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port and polish

2797 Views 5 Replies 4 Participants Last post by  wreckedGT
in about a week i will be cleaning the the intake manifold. Im thinking of porting and polishing it or is it just a waste of time and money?
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Unless you know what you are doing I would skip the P&P. Do you have flow bench, and how much additional flow and subsequent hp do you think can acheive with a P&P?

I'm into vintage 2-stroke street bikes and a typical way increase hp here is to port cylinders and match port intakes and carburators and some will go so far as to polish their intakes and exhaust ports. Actual dyno testing in these applictions indicates that the best bang for the buck is port matching the carbs to the intakes and exhaust to the muffler flange. Polishing, while looking and sounding cool had no appraciable performance enhancement. All that being said I have never been inside an Ody motor nor do I plan to be.

All motors are in essene a large air pump. IMO you would need to improve the entire air delivery and exhaust circuits to see any appreciable performance improvements. But let us know how you fair if you break out the die grinder and polishing wheels.
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i guess ill just be cleaning it with lots of brake cleaners then. lol:)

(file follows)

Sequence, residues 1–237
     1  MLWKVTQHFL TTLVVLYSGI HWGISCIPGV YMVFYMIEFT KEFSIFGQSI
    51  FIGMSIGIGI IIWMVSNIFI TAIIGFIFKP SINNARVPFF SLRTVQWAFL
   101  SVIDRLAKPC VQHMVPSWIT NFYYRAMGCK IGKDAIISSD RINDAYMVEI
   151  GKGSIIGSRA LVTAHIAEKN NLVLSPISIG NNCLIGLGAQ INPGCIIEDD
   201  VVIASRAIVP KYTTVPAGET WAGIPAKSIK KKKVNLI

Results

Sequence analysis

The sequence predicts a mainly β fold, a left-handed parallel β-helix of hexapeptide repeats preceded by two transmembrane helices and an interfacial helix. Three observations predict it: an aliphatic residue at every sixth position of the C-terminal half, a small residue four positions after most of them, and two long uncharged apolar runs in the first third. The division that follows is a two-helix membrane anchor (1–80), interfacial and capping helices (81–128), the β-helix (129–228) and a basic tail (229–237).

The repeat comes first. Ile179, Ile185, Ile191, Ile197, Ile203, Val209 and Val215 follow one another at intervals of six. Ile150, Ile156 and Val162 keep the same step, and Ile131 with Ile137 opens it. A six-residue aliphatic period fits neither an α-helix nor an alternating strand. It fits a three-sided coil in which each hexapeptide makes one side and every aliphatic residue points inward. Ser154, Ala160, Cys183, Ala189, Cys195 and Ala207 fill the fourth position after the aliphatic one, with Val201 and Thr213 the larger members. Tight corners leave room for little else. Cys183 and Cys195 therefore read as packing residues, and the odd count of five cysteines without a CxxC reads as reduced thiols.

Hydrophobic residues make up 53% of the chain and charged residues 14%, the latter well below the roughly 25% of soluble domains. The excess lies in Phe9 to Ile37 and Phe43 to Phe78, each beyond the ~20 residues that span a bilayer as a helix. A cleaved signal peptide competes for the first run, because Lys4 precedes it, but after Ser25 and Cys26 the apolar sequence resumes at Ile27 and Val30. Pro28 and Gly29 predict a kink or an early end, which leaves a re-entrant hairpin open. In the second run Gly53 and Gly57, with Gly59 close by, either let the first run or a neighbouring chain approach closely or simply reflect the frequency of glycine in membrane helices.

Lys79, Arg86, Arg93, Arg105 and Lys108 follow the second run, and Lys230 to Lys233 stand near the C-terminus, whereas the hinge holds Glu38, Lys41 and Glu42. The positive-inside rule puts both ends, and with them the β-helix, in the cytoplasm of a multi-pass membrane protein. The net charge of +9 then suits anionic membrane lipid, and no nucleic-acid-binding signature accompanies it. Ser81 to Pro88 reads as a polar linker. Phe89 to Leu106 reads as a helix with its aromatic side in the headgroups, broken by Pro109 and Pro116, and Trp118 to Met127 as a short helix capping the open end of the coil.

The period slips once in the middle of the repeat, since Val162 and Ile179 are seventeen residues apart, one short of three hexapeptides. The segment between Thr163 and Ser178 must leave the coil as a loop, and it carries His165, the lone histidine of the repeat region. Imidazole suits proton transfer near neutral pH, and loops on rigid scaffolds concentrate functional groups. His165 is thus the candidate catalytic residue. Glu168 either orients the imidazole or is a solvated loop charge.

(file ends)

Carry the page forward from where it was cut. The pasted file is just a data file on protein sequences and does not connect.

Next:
This would be such a waste of money.

BTW what motor are we talking about here?
If you already have everything apart and can get it done cheap, go ahead. It won't hurt anything. also port matching on intake is not neccisary it is better to have a step (the manifold side slightly smaller.
When air moves through the manifold towards the valve and the valve slams shut the air compresses and pushes back up towards the manifold just a bit before the valve opens again and the piston pulls the air back into the cylendar. The small step causes some resistance to this backflow making giving a better fluid dynamic to the overall airflow. It may seem insignificant, but that tiny difference multiplied by 1000s of RPMs over however long you drive adds up. a more efficient engine is ALWAYS better weather you are going for power gains, or MPG gains.
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